How aggregators are solving crypto’s liquidity problem

This article was also published in Brave New Coin

With crypto trading available across hundreds of different exchanges on a 24/7 basis, traders can experience liquidity issues. Are liquidity aggregators a solution?

Cryptocurrency trading happens 24/7 across a fragmented ecosystem containing hundreds of different crypto exchanges. The varied nature of these exchanges (futures, derivatives, CeFi and DeFi) makes efficient data capture and price discovery challenging. While leading assets such as Bitcoin (BTC) and Ethereum (ETH) are listed on all crypto exchanges, some tokens, especially those with a smaller market capitalization, may be listed on a handful of exchanges only. This fragmented ecosystem means traders can experience liquidity issues which result in prices being significantly different across separate exchanges.

For example, during the 2017 bull run, South Korean exchanges experienced the Kimchi Premium. This resulted in BTC costing up to 40% more in South Korea than it did on US exchanges. As a result, this created the opportunity for an arbitrage trade. Traders who were able to buy BTC on international exchanges and sell that BTC on South Korean exchanges was able to achieve significant profits by exploiting the price difference.

These liquidity impacts are a unique characteristic of 24/7 trading across hundreds of exchanges.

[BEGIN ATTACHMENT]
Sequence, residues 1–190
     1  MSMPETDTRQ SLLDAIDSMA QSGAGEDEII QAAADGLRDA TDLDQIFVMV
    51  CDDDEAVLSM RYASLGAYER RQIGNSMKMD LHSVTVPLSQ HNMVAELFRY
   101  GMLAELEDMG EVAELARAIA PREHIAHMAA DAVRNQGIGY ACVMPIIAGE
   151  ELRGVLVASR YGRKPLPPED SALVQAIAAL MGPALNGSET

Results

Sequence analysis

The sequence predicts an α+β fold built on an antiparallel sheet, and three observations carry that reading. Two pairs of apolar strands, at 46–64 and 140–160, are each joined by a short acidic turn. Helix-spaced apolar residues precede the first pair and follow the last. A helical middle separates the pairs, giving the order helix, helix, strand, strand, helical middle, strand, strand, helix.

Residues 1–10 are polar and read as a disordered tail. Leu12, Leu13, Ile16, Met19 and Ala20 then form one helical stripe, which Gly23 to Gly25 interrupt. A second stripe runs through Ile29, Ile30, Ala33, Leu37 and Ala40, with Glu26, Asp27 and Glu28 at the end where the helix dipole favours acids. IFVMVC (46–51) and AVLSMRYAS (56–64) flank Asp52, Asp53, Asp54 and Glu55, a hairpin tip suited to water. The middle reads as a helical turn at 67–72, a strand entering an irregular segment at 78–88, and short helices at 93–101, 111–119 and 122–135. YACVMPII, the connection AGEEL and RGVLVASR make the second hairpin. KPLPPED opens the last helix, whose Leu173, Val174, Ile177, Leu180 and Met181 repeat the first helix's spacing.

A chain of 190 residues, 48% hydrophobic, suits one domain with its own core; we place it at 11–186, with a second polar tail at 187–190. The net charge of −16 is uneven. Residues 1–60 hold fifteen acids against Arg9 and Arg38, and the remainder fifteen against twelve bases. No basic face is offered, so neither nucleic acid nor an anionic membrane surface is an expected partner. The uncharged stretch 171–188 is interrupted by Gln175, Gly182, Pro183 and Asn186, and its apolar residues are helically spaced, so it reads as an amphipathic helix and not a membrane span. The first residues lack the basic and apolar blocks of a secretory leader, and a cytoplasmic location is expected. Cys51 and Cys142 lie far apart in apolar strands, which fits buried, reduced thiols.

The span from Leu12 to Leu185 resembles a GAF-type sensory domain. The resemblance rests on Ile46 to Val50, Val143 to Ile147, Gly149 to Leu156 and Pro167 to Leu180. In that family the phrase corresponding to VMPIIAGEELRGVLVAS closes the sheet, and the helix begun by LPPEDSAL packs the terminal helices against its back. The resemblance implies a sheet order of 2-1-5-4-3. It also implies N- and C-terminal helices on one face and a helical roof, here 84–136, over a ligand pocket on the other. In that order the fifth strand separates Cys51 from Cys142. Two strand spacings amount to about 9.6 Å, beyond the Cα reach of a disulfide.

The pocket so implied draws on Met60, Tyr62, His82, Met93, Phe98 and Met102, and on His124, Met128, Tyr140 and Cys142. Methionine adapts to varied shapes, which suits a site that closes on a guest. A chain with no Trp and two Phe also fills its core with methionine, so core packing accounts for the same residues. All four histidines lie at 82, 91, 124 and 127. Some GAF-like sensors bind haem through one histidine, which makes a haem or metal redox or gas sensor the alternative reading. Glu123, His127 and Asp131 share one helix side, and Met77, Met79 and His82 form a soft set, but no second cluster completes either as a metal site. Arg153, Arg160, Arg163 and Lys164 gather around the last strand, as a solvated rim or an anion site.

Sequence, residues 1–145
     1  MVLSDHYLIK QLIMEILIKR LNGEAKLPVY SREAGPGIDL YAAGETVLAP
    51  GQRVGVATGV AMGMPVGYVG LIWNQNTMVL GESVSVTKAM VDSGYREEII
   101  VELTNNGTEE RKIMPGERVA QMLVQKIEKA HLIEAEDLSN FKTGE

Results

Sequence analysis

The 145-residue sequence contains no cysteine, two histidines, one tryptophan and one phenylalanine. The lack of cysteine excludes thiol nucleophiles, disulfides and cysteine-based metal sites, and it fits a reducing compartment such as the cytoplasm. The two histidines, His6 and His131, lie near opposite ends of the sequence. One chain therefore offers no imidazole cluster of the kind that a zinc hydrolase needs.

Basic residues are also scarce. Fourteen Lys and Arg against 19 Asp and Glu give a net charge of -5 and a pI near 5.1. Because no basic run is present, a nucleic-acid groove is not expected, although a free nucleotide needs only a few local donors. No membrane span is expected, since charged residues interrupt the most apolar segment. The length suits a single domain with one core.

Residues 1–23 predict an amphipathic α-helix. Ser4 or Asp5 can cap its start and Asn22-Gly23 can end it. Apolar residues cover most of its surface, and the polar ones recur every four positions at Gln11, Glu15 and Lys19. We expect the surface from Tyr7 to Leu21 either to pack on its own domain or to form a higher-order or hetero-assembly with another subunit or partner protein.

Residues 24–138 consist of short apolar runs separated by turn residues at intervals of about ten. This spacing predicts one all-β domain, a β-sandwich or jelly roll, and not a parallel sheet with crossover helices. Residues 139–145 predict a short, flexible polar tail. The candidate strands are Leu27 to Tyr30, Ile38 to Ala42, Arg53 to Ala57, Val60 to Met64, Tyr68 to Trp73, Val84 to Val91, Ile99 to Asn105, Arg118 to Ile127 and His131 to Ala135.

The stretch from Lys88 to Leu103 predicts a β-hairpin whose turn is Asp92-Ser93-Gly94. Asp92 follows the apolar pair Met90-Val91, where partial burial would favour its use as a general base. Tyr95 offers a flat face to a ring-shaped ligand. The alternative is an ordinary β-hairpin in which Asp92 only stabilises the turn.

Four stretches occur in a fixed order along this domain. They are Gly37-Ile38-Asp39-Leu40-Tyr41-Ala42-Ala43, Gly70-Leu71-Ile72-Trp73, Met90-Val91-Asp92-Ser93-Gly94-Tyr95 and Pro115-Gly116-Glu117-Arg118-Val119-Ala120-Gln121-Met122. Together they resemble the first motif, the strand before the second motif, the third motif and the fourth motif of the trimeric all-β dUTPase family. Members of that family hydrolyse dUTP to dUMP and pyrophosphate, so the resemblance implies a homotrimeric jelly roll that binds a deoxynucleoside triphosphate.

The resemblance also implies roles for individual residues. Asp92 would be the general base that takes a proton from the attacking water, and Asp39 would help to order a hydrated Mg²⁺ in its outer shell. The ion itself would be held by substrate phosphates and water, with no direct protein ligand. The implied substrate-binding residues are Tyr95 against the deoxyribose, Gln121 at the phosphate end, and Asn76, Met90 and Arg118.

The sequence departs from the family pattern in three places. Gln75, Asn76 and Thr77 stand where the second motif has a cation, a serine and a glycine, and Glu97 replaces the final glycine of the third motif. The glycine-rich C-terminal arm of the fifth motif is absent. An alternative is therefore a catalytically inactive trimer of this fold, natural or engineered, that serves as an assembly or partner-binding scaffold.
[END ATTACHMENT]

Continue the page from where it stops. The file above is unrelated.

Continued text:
Compare this 24/7 global crypto trading with stock trading, where trading is limited to Monday to Friday local time office hours. When trading stocks, the trader with access to faster information and trade execution has a significant advantage. In many cases faster can be measured in milliseconds as the rise of high-frequency trading and ultra-low latency direct market attests.

Trading cryptocurrencies have different challenges. Speed is not as important as liquidity. When the fixed or limited supply of BTC and ETH is spread across 400+ exchanges, the liquidity on each can dramatically impact price, as demonstrated by the Kimchi Premium referenced above.

When it comes to price discovery and benchmarking, the positive evolution of the digital asset ecosystem depends in no small part on market participants being able to trust the market data they are being presented with. Without sufficient liquidity, traders are not able to enter and exit positions as they wish.

With thousands of tokens available across hundreds of exchanges with different interfaces, fees, and processes, crypto trading is an intimidating prospect for newcomers. The lack of liquidity can frustrate traders who must deal with high spreads, high slippage, a lack of trading pairs, and a need for multiple accounts on multiple exchanges.

Addressing the crypto liquidity problem

Having identified that the problem that needs to be solved is liquidity, are CEX and DEX aggregators a solution? Let’s use an example of one centralized aggregator, and one decentralized aggregator to find out.

FinxFlo (FXF) is a hybrid liquidity aggregator that enables traders to access the best prices from leading CeFi (Centralized Finance) exchanges and DeFi (Decentralized Finance) protocols. When users trade on the FinxFlo platform they are effectively trading across multiple exchanges and benefiting from the combined liquidity which mitigates any price discrepancies.